Yahoo Became a Paying Customer and Things Exploded for Google
Most of the time, a competitor is someone a business wants out of the way. Many treps see competitors as obstacles to their success. However, a competitor can be a blessing in disguise as Yahoo was for Google. Google became the client search engine for Yahoo, a worthy competitor. However, Yahoo stopped doing business with Google in 2004.
Then, Google processed 200 million searches daily. Contrary to what one would have expected, business did not slow down with the exit of Yahoo. In 2011, Things had exploded for Google. The company then processed about 3 billion searches each day. The tech company had become so popular that the name “google” entered the Lexicon as a verb. Today, everyone knows what someone who says “I will google it” means.
In a Nutshell
Sergey Brin and Larry Page founded Google in 1998. Google is a subsidiary of a holding company called Alphabet Inc. The two young entrepreneurs met at Stanford as graduate students. Brin and Page needed to change the way people accessed information from the web. The world needed a better search engine, and these two treps decided to build it.
The headquarters of Google, also known as the Googolplex, is in Mountain View, California. Google processes more than 70 percent of all online search queries. But the company offers more than online search services. The global technology firm provides more than 50 different products and internet services.
Email services, advertising, web search, and mobile phone operating systems are some of the services Google offers. Advertising nets Google nearly all of the revenue it earns.
After acquiring Motorola in 2012, Google started selling hardware such as mobile phones. With its vast product portfolio and a strong global presence, Google competes with the three largest players in the tech playground: Apple, IBM, and Microsoft.
Did you know Google’s founders almost sold the company early on as they felt it interfered with their academics? Do you think Google would have become the tech behemoth it is had they sold the business?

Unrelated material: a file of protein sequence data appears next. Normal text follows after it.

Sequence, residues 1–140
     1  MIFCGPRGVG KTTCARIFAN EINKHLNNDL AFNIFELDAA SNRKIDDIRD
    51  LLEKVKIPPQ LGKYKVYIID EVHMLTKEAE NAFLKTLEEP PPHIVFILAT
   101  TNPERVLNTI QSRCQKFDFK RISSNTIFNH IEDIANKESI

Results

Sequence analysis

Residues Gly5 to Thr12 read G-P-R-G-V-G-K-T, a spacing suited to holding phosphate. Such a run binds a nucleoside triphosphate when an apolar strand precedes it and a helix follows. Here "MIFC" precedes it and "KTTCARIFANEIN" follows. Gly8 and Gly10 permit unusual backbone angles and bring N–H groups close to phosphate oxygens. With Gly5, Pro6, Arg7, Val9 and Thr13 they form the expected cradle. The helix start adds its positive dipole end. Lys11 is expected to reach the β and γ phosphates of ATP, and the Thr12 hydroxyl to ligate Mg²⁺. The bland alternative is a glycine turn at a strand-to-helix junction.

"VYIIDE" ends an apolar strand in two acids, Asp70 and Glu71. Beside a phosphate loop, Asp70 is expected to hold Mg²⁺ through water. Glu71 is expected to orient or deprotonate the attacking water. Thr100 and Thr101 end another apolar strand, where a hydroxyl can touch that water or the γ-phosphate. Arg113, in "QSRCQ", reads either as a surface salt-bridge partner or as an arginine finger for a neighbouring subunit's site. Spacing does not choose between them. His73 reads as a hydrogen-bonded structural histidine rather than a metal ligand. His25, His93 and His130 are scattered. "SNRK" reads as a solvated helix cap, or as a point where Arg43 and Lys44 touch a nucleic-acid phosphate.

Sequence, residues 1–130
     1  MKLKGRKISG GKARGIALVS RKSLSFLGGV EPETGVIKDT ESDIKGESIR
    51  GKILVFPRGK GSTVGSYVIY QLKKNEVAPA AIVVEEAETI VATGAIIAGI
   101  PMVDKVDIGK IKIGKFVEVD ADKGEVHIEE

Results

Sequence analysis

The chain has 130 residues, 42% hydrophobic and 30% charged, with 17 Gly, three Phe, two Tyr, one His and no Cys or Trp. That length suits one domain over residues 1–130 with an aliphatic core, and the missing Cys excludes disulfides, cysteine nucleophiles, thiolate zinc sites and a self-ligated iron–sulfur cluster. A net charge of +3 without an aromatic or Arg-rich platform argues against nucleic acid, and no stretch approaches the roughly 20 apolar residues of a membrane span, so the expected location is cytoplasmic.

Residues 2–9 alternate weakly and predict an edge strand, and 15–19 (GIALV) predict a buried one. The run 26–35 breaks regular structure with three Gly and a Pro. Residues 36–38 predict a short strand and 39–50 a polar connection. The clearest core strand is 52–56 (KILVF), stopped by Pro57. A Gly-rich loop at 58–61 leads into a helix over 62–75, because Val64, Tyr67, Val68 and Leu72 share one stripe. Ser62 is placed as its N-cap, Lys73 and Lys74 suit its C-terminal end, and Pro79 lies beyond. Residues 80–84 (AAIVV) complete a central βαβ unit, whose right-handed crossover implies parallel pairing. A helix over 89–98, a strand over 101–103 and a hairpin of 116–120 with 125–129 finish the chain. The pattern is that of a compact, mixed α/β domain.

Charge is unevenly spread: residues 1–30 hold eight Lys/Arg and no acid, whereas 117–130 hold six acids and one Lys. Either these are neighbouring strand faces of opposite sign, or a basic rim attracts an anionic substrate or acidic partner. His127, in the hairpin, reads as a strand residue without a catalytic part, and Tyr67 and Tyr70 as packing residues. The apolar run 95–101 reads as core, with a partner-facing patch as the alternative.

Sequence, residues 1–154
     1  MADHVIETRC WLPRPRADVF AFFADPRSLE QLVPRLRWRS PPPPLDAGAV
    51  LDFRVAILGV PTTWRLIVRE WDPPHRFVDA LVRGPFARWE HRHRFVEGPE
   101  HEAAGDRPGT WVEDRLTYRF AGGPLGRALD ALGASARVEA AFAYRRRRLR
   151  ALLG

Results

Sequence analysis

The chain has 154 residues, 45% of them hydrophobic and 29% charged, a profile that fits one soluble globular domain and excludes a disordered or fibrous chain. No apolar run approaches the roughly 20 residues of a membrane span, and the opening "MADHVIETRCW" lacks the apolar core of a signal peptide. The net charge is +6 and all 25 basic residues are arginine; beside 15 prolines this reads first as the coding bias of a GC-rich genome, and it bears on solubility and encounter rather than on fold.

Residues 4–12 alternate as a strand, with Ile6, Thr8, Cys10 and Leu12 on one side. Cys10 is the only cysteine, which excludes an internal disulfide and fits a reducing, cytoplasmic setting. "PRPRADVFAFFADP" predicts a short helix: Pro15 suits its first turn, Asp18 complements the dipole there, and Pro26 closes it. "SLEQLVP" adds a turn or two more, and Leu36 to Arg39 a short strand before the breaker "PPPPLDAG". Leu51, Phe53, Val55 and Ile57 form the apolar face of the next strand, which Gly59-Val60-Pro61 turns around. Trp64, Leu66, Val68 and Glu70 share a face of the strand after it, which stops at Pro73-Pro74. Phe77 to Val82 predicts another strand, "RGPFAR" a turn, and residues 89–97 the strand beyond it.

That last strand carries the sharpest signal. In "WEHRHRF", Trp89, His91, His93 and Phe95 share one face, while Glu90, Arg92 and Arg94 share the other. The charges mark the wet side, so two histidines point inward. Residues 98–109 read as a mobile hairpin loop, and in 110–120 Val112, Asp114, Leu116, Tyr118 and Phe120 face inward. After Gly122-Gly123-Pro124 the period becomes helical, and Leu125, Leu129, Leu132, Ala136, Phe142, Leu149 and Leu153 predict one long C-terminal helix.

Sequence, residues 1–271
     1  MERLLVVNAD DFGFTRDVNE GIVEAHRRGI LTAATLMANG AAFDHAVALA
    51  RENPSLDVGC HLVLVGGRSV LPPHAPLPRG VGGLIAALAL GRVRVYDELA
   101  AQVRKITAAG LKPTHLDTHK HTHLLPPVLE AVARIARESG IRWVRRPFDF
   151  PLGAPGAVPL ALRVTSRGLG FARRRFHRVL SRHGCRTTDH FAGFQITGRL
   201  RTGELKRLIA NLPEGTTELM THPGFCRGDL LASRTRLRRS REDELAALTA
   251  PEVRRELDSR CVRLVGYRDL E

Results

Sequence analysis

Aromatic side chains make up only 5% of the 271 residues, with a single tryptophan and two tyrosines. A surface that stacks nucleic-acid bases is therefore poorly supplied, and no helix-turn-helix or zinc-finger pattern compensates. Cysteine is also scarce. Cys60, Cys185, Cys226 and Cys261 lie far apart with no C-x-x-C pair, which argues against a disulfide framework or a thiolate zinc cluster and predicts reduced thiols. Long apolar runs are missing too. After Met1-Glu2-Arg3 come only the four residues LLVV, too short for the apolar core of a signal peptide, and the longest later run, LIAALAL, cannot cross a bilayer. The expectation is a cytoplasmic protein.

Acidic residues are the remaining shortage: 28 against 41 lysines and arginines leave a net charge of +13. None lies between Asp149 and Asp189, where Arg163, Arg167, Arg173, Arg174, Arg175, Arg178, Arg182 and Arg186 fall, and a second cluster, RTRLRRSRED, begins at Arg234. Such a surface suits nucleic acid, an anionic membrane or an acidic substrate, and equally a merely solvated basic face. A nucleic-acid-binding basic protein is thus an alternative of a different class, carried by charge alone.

What are the Core Competencies of Google?
What are the core competencies? The term “Core competencies” refers to areas of high proficiency in a company. It is what sets a business apart from its competitors. Competitors often find themselves unable to copy the core competencies of a company. Core competencies are the things a company or individual does supremely well; the one thing they can do better than anyone else. Let us keep that in mind and now ask: what are the core competencies of Google? What does Google do better than any other company?
Google is everywhere. You and nearly everyone you know likely use the company’s products or services. What makes Google stand out considering that competition in the tech marketplace has grown fiercer than ever? Let us examine some of the things Google does better than any other technology company out here:
Google is the Best Search Engine in the World
Yahoo, Bing and the rest of the search engines compete against Google, but Google has remained dominant for years. When an internet user wants to get specific information, they usually google it. A few people might use Yahoo (now called Oath), Microsoft Sites (Bing), or Ask Network, but no one ever says “I will yahoo it or I will bing it.”